US stocks rise sharply following strong earnings from 3M, Caterpillar, others

bug


We also have more stories about:
(click the phrases to see a list)

Subjects:

Places:

 

Photo Gallery:


Click to view (3 Photos)


NEW YORK — A combination of strong company earnings and encouraging economic reports, both in the U.S. and Europe, gave the stock market another day of solid gains on Thursday.

Caterpillar jumped after its third-quarter earnings report was better than Wall Street analysts had been expecting. The company also raised its profit outlook for the year. 3M, the maker of Post-it notes, industrial coatings and ceramics, was among other companies that gained after releasing impressive third-quarter results.

Investors were also cheered by a report that showed the number of people applying for U.S. unemployment benefits remains at a historically low level, suggesting that hiring is gaining steam. In Europe, a survey of businesses eased concerns that the region may be slipping back into recession.

Solid company earnings are sending the stock market higher and helping it recover from a jarring drop in mid-October that gave the Standard & Poor's 500 index its biggest slump in two years. The index has gained on five of the last six days, and on Tuesday logged its biggest advance of the year.

"The economic backdrop here in the United States is continuing to look strong. Earnings are validating that," said Karyn Cavanaugh, a senior market strategist at Voya Investment Management.

The Standard & Poor's 500 index rose 23.71 points, or 1.2 percent, to 1,950.82. The Dow Jones industrial average climbed 216.58 points, or 1.3 percent, to 16,677.90. The Nasdaq composite rose 69.95 points, or 1.6 percent, to 4,452.79.

Eight of the ten sectors in the S&P 500 gained, led by a surge in industrial companies after Caterpillar and 3M reported their earnings.

Caterpillar said that some belt tightening had helped it contend with a slowing global economy. The company's CEO said he was hopeful that economic growth would pick up next year. Caterpillar's stock rose $4.70, or 5 percent, to $99.27. 3M gained $6.10, or 4.4 percent, to $145.05.

Companies in the S&P 500 have reported earnings growth of 5.5 percent for the third quarter, according to analysts at S&P Capital IQ. The rate of growth has slowed from 10.4 percent in the second quarter, but is forecast to pick up in the final three months of the year.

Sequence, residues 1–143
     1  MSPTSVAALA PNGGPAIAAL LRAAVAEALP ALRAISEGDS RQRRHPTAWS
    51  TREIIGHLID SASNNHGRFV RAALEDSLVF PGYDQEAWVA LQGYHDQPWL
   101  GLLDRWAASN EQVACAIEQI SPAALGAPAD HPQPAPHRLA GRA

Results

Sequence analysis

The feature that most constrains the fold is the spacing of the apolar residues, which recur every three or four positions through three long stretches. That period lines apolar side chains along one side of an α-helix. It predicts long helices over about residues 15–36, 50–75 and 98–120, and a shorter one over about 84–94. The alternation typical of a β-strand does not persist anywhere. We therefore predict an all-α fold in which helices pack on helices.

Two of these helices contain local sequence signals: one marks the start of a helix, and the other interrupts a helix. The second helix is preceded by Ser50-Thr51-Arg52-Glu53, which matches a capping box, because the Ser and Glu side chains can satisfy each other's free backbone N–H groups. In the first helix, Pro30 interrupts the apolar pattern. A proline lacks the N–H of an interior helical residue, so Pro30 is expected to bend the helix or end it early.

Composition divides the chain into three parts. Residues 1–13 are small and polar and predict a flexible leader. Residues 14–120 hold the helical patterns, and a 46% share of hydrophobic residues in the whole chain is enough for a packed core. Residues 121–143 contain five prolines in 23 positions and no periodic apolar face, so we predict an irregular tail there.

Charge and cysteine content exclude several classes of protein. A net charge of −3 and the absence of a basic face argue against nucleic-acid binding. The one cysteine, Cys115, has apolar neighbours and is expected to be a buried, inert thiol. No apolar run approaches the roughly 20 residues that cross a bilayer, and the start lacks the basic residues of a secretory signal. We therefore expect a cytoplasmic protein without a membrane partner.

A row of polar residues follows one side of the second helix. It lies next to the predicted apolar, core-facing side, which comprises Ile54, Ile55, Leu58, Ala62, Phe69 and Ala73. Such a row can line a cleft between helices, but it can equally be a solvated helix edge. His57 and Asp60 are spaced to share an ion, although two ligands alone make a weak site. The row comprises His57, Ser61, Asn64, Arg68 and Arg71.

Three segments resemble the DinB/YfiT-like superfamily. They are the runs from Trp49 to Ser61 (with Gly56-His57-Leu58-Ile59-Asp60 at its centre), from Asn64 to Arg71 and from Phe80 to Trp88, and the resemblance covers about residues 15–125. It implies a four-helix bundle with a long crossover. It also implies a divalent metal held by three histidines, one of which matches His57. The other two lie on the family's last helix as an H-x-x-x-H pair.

Stocks had started the day higher, following gains in European indexes, after a survey of the manufacturing and services sectors eased some fears that the region could be falling back into recession.

Financial information company Markit said its composite purchasing managers index for the 18-country bloc, a broad gauge of business activity, rose to 52.2 in October from 52 in September. Analysts had expected a small decline. Readings above 50 suggest expansion.

Although the reports from Europe "weren't fantastic," they suggested that the region would avoid sliding back into recession, said David Lebovitz, Global Market Strategist at J.P. Morgan Funds. Concerns about the worsening growth outlook in Europe helped push stocks sharply lower last week.

"It almost feels like the markets can breathe a sigh of relief for the time being," Lebovitz said. "That, combined with the earnings numbers, is what's driving the market."

European markets closed higher. France's CAC-40 rose 1.3 percent. Germany's DAX gained 1.2 percent and Britain's FTSE 100 edged up 0.3 percent.

In energy trading, the price of oil rose sharply Thursday on reports of lower production in Saudi Arabia and signs of strength in the U.S. economy.

The price of oil rose sharply on reports of lower production in Saudi Arabia and signs of strength in the U.S. economy. Benchmark U.S. crude rose $1.57 to close at $82.09 a barrel on the New York Mercantile Exchange. Brent crude, a benchmark for international oils used by many U.S. refineries, rose $2.12 to close at $86.83 on the ICE Futures exchange in London.

In other energy futures trading on the NYMEX, wholesale gasoline rose 5.1 cents to close at $2.207 a gallon, heating oil rose 2.6 cents to close at $2.499 a gallon natural gas fell 3.7 cents to close at $3.622 per 1,000 cubic feet.

In currency trading, the dollar was little changed against the euro, trading at $1.2651. The dollar climbed to 108.16 yen. U.S. government bond prices fell. The yield on the 10-year Treasury note rose to 2.28 percent from 2.22 on Wednesday.

In metals trading, gold fell $16.40 to $1,229.10 an ounce, silver fell seven cents to $17.16 an ounce and copper rose two cents to $3.04 a pound.

All content copyright ©2014 Daily Journal, a division of Home News Enterprises unless otherwise noted.
All rights reserved. Click here to read our privacy policy.